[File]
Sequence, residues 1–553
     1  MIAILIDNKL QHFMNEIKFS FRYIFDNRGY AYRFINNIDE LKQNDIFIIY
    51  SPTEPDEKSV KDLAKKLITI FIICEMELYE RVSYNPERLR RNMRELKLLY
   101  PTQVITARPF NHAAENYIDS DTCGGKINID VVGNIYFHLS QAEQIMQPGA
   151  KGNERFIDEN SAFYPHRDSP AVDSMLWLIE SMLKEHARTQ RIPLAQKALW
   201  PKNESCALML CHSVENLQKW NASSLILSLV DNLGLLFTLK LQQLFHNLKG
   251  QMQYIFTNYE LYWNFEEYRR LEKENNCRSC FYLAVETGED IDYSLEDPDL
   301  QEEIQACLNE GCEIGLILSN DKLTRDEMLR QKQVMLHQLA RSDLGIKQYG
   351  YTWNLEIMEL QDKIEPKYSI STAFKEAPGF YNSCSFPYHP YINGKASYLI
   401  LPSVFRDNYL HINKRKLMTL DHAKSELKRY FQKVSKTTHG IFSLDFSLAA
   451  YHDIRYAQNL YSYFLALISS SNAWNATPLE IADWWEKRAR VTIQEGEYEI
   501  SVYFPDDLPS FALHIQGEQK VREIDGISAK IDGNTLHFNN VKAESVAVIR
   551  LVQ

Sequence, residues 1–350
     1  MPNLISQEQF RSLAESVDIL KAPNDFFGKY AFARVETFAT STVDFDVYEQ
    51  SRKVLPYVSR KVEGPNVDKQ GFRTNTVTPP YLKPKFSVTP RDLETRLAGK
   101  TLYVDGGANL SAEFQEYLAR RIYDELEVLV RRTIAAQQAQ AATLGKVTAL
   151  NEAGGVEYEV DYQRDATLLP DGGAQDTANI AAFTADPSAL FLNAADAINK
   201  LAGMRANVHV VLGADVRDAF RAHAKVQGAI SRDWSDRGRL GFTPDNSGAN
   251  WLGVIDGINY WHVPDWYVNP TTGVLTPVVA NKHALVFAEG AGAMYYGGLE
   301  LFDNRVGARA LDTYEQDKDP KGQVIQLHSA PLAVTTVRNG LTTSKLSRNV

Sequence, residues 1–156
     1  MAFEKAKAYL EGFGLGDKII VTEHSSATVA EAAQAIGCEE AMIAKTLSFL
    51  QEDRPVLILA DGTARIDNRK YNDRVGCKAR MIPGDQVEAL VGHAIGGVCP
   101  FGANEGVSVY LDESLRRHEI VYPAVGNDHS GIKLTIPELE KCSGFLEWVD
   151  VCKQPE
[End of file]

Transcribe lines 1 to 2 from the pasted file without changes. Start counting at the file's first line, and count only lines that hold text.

Sequence, residues 1–553
     1  MIAILIDNKL QHFMNEIKFS FRYIFDNRGY AYRFINNIDE LKQNDIFIIY